To be fair, this was a few months after one of those high school shootings. A student who was diagnosed as "psychotic" came to school and started to shoot everybody up. So everyone was tense as to "psychotics". However, it got associated with Aspergers syndrome.

Maybe this was justified and maybe not. Supervisors are supposed to keep watch over possible signs of trouble. If the two syndromes are different, there should be nearly objective ways to distinguish between them.
As far as I am aware, violence and aggression are not part of the symptoms of aspergers. What is "psychotic personality" as a diagnosis? Where do you find this referenced as a "valid term" in psychiatry?
NemoReally
#3
Dec7-12, 02:03 PM
P: 194
??

Look up the terms asperger and psychosis under the DSM-IV. They are quite distinct.

It is not justifiable to confuse being Aspergic with having disorder involving psychoses. Neither is it justifiable to use the actions, by themselves, of any given individual with a physical or psychiatric condition as an excuse to harass or conduct higher levels of supervision/surveillance on others with similar conditions. Individuals are just that, individual, and any risk assessment should be done on that basis not some over-reactive, knee-jerk reaction to whichever witches the media decide need hunting or Joe Public panics about.

Pythagorean
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Dec7-12, 02:10 PM
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Psychotic versus Asperger's Syndromes

Psychosis is a very broad term, there is no DSM IV entry for it. Psychosis is not automatically violent either.

I'm wondering if OP mean anti-social personality disorder... often refferred to as psychopathy. Again, hostility and aggression are not determining factors. Most sociopaths are not anything like how movies/media portray them (these are extreme cases that often results from the right combination of early childhood abuse and genetic propensity).

Some sociopaths may be productive members of society, doing jobs that other people are scared of (stuntman, soldier, policeman, fireman, jetfighter, war journalism, etc).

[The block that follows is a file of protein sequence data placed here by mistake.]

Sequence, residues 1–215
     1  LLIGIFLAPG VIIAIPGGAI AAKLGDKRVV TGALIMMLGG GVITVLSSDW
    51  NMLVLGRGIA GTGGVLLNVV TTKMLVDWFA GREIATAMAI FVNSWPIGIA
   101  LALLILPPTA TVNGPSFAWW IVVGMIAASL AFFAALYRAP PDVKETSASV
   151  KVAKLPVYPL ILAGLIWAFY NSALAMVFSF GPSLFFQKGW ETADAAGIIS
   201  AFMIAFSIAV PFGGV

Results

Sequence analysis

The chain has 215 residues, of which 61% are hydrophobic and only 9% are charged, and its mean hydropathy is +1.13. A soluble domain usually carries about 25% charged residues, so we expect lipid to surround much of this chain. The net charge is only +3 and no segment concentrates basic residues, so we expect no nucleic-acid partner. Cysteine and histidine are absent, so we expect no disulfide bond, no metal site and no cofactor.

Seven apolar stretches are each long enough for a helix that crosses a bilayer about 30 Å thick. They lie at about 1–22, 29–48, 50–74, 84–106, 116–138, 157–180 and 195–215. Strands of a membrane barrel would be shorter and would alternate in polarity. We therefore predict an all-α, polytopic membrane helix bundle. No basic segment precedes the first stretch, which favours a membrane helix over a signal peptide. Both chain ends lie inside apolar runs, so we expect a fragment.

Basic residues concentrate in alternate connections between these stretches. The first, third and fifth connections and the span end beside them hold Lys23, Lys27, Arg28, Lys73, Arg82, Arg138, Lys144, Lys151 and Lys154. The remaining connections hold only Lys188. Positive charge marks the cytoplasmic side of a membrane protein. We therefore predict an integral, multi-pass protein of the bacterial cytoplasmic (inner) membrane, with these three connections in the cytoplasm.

I think one of the main differences is people on the autism spectrum don't have theory of mind, so it's out of ignorance that they may hurt people's feelings or be disruptive, wereas sociopaths have theory of mind and often utilize it for personal gain, exploiting people's current frame of mind.
Darwin123
#5
Dec7-12, 06:29 PM
P: 741
Quote Quote by Evo View Post
As far as I am aware, violence and aggression are not part of the symptoms of aspergers. What is "psychotic personality" as a diagnosis? Where do you find this referenced as a "valid term" in psychiatry?
I think what I really meant by psychotic was psychopathy.

What is the difference between asperger's and psychopathy?

Pythagorean pointed out that what I described really sounds like "anti-social personality disorder... often refferred to as psychopathy." He offered the solution that the psychopathic person has a theory of mind, while the anyone on the autistic spectrum (e.g., Asperger's syndrome) does not.

Is that it? Or is there something else?
Pythagorean
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Dec7-12, 06:44 PM
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Well, asperger's is part of a more broad category now: pervasive developmental disorder.

here's the DSM for sociopathy
http://en.wikipedia.org/wiki/Antisoc...rder#DSM-IV-TR